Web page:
The American Heart Association and American Stroke Association recognizes Burlington County hospital and school for efforts to strengthen the Chain of Survival.
Thirty-eight individuals and organizations in New Jersey were recently honored at the American Heart Association and American Stroke Association 2018 New Jersey American Heartsavers and Stroke Heroes Awards for their life-saving efforts. The American Heart Association and American Stroke Association’s American Heartsavers and Stroke Heroes Awards is held annually to commend individuals, organizations and schools throughout the Garden State for taking extraordinary steps to strengthen the American Heart Association Chain of Survival or for rescue efforts that saved a life of someone experiencing a cardiac or stroke emergency.
The Chain of Survival is only as strong as its weakest link. The American Heart Association Chain of Survival is a critical five-step process that can mean the difference between life and death for someone experiencing sudden cardiac arrest, heart attack or stroke, as well as other medical emergencies such as choking and drowning. The five critical steps or “links” in the Chain of Survival include:
Link # 1: Early Access (know the warning signs of sudden cardiac arrest, heart attack and stroke and call 9–1–1 immediately)
Link # 2: Early Cardiopulmonary Resuscitation (CPR)
Link # 3: Early Defibrillation
Link # 4: Early Advanced Care
Link # 5: Integrated Post-Cardiac Arrest Care
Nearly 350,000 people suffer cardiac arrest outside of a hospital every year. Given immediately, CPR doubles or triples survival rates and executing the Chain of Survival can save thousands of lives annually. Additionally, someone suffers a stroke every 40 seconds, while someone dies from a stroke every four minutes. Time is crucial for stroke treatment, the faster the Chain of Survival is initiated and symptoms are recognized, the better the outcome.
New Jersey American Heartsavers and Stroke Heroes awardees Linda Eaton and Erica Grilletto are school nurses at Peter Muschal Elementary School in Bordentown, NJ. Linda and Erica took responsibility for improving and formally adopting a Cardiac Emergency Response Plan to assure a meticulously orchestrated response to any cardiac emergency. Thanks to their efforts and leadership, a new AED/CPR committee was formed which focused on evaluating and improving response to an emergency. Their goals included establishing a communication system, increasing the number of drills in order to reduce response time through practice, and doubling the number of AED/CPR certified staff members in the building.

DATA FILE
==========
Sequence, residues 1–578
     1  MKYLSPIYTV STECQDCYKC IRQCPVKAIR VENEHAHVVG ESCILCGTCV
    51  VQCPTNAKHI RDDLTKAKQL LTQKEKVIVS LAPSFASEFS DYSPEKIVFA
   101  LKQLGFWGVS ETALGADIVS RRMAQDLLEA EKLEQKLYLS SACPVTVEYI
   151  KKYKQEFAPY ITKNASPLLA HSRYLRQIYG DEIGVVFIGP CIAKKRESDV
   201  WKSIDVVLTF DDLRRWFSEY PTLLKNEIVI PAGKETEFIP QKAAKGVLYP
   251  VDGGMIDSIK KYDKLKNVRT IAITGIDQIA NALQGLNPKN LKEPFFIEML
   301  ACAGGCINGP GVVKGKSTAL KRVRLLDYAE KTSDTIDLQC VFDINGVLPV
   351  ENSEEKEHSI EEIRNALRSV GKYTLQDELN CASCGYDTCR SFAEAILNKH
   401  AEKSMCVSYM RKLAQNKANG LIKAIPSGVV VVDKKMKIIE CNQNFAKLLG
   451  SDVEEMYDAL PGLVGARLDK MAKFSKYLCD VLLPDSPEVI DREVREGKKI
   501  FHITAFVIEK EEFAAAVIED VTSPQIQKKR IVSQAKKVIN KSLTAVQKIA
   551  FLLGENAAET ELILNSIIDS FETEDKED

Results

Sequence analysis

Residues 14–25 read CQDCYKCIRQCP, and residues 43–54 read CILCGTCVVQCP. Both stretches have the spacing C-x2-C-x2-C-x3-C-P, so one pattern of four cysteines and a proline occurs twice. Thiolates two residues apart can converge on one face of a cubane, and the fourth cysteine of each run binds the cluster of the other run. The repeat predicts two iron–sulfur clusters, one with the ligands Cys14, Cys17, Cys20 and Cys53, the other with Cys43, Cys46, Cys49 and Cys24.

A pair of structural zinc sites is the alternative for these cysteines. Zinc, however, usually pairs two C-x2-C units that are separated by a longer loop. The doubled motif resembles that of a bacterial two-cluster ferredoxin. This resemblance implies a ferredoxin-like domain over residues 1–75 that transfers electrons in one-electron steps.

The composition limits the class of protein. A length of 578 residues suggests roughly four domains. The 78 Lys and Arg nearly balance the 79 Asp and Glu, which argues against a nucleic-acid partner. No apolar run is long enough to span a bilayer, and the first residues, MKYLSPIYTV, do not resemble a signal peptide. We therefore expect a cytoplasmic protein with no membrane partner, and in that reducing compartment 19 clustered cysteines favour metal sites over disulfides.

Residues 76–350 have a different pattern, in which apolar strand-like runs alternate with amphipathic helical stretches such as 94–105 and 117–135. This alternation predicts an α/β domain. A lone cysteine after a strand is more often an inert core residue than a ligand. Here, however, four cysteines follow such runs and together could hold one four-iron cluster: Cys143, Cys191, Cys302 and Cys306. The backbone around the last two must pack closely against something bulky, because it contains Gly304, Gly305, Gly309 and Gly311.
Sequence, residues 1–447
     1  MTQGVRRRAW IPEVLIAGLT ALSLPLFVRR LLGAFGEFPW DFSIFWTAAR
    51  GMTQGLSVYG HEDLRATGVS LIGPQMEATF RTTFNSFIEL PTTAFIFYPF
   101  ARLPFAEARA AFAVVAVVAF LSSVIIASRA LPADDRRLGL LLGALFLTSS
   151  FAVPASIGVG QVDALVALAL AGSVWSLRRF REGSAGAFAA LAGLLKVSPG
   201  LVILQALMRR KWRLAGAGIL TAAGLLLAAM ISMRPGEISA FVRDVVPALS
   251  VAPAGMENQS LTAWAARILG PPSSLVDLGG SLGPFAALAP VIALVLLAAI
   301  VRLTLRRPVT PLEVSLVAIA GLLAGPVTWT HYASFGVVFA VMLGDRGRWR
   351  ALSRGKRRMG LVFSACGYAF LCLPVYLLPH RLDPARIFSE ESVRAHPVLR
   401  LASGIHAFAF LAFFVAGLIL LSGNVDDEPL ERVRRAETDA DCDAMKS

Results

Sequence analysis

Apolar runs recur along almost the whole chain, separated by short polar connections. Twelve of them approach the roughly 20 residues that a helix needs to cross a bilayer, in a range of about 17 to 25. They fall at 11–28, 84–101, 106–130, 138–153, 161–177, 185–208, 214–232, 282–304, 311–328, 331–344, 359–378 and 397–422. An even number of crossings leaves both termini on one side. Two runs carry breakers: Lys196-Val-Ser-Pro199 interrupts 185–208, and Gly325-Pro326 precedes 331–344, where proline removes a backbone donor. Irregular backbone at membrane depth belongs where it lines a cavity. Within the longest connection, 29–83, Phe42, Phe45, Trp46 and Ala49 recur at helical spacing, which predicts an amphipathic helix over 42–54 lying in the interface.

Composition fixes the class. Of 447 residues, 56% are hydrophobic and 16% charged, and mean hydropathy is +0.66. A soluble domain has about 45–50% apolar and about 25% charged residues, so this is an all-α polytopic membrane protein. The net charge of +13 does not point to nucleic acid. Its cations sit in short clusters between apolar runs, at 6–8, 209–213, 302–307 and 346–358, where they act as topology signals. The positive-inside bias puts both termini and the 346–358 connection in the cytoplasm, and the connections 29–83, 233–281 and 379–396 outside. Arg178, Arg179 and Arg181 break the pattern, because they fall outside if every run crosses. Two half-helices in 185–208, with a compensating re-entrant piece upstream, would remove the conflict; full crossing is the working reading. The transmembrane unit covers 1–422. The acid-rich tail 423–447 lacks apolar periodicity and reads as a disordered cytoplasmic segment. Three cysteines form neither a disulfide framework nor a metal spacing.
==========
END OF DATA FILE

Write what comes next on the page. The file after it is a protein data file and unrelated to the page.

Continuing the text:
The Heart House and Virtua Foundation were also recognized for their outstanding commitment to strengthening the community’s ability to respond to a cardiac emergency. The Heart House and Virtua Foundation came together in May of 2017 to create an initiative which would impact Burlington and Camden County communities with education and equipment. Thanks to this partnership, 25 life-saving AEDS have been distributed to organizations in the south Jersey community including churches, golf courses, athletic fields and community centers. Additionally, each group received an overview on how to use the device, resources for CPR training and a free educational program focused on cardiovascular health.
The American Heartsaver Recognition Program is an initiative supporting the American Heart Association’s efforts to strengthen the Chain of Survival in our communities as part of their impact goal to improve the cardiovascular health of all Americans while reducing death and disability from heart disease and stroke by 20 percent by the year 2020.
Anyone can learn CPR and know the signs of a stroke. Visit www.heart.org/handsonlyCPR for a short instructional video on hands-only CPR that could help save a life.
The American Stroke Association suggests remembering the acronym FAST to recall the most common signs of stroke.
F.A.S.T. stands for:
· Face Drooping: Does one side of the face droop or is it numb? Ask the person to smile. Is the mouth lopsided or uneven?
· Arm Weakness: Is one arm weak or numb? Ask the person to raise both arms. Does one arm drift downward?
· Speech Difficulty: Is speech slurred, are they unable to speak, or are they hard to understand? Ask the person to repeat a simple sentence, like “the sky is blue.” Is the sentence repeated correctly?
· Time to call 911: If the person shows any of these symptoms, even if the symptoms go away, call 9–1–1 and get them to the hospital immediately.
For more information, visit www.strokeassociation.org.